Advanced Practice Nurses 
                   of New Jersey


 Advocating for Healthcare Quality and Access to Care for NJ Residents 

APN-NJ (Advanced Practice Nurses of New Jersey) 

is a Grassroots advocacy coalition of APNs, nurses and citizens in concert with our state nursing organization who are committed to improving healthcare in the state by removing scope of practice barriers.  APNs are a solution to the healthcare access crisis.

COVID 19 Urgent Call For APNs!  

The Commissioner of Health Judith Persichilli, MA, BSN, RN has reached out to NJSNA. The NJ Department of Health (NJDOH)  is looking for nurses who are able to assist the NJDOH with the COVID-19 Pandemic.  We currently have very little information on exactly what will be needed. Opportunities may be volunteer or paid.  Areas of need may include: hospital support, county testing sites and other areas. 

If you are able to assist in any way, please sign up at HERE

Pease periodically check the New Jersey Board of Nursing Website for Nursing Alerts.HERE

New Jersey COVID19 Crisis Governor's Executive Orders Regarding APNs

Joanne Leone, Executive Director of the NJBON has released this statement in clarification of the terms of Governor Murphy's latest Executive Order.

Pursuant to EO 112, Governor Murphy has authorized the Division of Consumer Affairs  to suspend and waive statutory provisions that limit the scope of practice of advanced practice nurses. For the duration of the State of Emergency or Public Health Emergency, advanced practice nurses, acting within the scope of their education, training, experience, and competence, are not required to:

  1. enter into a joint protocol with a collaborating physician; 
  2. include the name, address, and telephone number of a collaborating physician on prescriptions or orders; 
  3. review patient charts and records with a collaborating physician; and 
  4. obtain written approval from a collaborating physician in order to dispense narcotic drugs for maintenance treatment or detoxification treatment or to determine the medical necessity for services for treatment of substance abuse disorder. 


Covid 19 Self Care for Nurses Free Webinar:

Healing Ourselves While Healing Others 

Donna A. Gaffney, DNSc, PMHCNS-BC, FAAN coordinator of the Rutgers University School of Nursing webinar series to support nurses in their professional and personal lives.  As a nurse, you are  invited to join a FREE webinar series designed specifically for the challenges nurses are experiencing during the Coronavirus pandemic.  To learn more


The Future of Nursing Report: Where Are We Now? 

By Jennifer Thew RN  |   March 15, 2019

How much progress has been made in nursing toward the IOM's Future of Nursing recommendations? The Robert Wood Johnson Foundation's Dashboard of indicators reveals where advancement has been accomplished.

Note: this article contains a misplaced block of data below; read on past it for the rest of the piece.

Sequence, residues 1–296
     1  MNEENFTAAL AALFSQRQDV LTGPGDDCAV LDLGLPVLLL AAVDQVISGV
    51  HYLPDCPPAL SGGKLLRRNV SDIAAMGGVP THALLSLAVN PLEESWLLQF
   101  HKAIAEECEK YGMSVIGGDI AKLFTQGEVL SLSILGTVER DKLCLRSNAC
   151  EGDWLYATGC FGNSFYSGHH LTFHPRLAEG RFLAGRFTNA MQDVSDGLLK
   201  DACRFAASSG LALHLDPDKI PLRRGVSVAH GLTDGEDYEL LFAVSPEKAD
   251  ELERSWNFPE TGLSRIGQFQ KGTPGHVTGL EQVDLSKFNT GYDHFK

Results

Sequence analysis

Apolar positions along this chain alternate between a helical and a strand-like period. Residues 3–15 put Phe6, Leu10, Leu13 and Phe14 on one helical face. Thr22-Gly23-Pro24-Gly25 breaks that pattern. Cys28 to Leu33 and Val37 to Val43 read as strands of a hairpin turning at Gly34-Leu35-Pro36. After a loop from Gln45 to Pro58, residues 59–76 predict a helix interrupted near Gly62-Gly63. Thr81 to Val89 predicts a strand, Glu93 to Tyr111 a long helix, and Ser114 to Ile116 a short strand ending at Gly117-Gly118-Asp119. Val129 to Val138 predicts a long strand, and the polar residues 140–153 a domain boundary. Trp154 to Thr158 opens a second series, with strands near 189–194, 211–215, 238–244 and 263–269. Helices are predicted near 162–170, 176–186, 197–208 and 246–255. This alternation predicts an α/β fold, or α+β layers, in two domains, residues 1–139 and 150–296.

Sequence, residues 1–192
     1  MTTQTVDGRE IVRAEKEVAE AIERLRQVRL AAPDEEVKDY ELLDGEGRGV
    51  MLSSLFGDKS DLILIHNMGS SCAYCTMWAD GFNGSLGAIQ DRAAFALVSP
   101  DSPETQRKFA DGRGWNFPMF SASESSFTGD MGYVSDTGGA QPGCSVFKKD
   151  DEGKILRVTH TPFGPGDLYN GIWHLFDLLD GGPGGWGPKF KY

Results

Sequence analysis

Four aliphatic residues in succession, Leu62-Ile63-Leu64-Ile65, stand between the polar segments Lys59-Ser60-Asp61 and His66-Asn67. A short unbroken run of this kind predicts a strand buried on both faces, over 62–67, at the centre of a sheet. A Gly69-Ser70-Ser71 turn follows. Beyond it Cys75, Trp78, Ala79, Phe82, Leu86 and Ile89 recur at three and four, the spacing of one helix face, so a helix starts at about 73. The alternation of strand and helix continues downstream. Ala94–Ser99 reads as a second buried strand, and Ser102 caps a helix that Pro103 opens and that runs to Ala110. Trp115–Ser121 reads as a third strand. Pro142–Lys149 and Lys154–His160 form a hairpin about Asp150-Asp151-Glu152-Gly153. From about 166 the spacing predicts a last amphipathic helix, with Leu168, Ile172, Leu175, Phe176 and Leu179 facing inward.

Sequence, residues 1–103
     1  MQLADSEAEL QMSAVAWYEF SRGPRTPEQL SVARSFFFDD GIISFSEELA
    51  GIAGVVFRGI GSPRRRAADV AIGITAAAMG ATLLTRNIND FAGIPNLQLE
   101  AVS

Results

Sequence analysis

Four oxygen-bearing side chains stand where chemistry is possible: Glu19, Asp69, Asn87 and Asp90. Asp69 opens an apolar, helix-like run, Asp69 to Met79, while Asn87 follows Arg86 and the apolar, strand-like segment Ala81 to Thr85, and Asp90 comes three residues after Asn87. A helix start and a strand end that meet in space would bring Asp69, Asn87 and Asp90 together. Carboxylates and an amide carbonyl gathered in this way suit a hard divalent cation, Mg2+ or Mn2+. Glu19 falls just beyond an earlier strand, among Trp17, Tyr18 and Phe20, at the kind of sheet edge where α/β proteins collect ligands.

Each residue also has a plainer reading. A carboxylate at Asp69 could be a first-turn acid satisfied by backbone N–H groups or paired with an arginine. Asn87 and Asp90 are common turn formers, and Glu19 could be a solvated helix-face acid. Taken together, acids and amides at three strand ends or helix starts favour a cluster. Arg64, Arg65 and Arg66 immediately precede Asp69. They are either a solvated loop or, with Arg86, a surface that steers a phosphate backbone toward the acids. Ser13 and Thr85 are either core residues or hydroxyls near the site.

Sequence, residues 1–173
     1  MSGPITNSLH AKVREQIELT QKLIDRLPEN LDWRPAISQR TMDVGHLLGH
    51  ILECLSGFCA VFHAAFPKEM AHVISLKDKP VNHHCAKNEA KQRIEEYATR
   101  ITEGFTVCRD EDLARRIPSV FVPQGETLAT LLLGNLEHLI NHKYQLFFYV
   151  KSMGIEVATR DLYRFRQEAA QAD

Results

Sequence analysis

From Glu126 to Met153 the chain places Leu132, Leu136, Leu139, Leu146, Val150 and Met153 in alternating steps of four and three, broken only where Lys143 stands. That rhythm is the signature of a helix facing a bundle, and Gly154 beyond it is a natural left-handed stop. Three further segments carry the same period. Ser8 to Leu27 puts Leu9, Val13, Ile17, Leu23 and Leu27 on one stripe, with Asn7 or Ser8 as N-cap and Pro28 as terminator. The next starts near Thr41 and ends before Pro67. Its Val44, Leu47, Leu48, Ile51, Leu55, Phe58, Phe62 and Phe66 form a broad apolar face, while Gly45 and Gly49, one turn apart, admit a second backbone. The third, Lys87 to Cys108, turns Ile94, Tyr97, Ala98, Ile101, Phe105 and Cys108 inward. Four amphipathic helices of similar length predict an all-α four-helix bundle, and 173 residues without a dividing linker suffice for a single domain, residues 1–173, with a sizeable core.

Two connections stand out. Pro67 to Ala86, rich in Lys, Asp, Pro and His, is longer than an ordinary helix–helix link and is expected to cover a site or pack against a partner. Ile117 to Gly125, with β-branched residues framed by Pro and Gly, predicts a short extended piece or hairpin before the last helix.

The year 2010 was monumental in healthcare. Not only was the Affordable Care Act signed into law, but the Institute of Medicine (now the National Academies of Sciences, Engineering, and Medicine) issued its landmark report, The Future of Nursing: Leading Change, Advancing Health.

The report called for significant changes in nurses' roles, responsibilities, and education to meet the increased demand for care and to make improvements to the healthcare system, and made recommendations in the following categories:

  • Improving access to care
  • Fostering interprofessional collaboration
  • Promoting nursing leadership
  • Transforming nursing education
  • Increasing diversity in nursing
  • Collecting workforce data

State practice environment

The IOM recommended that APRNs be able to work to the full-extent of their education and training. Since the Campaign for Action began, nine states have removed statutory barriers that prevented nurse practitioners from providing care to their full capacity. That means today, 22 states allow NPs to practice to the fullest extent of their training and education. Additional states have made substantial or incremental improvements toward meeting this goal.

Plus, in 2017, the Department of Veterans Affairs granted APRNs (with the exception of certified registered nurse anesthetists) full practice authority.

Read More

Important Scam Alert! 


The Division of Consumer Affairs (Division) is warning all licensed professionals about individuals impersonating New Jersey Division of Consumer Affairs (DCA) investigators, Drug Enforcement Administration (DEA) agents, DEA investigators, New Jersey Drug Control Unit investigators, Federal Bureau of Investigation (FBI) investigators, and other law enforcement personnel, as part of an extortion scheme.

The impersonators are contacting licensees by telephone, stating that they are the subject of an  investigation. The callers are demanding money to clear up the matter, or threatening to revoke the individual’s license.   Please be advised that the Division of Consumer Affairs will not contact licensees by telephone to discuss investigations or demand money.  


What Can We Do? Learn More About Our Nurse Practice Act HERE

NJ Signs Multistate Nursing Licensing Compact  

NJSpotlight: The Garden State will partner with 33 other states to address its nursing shortage, which is the third most severe in the U.S.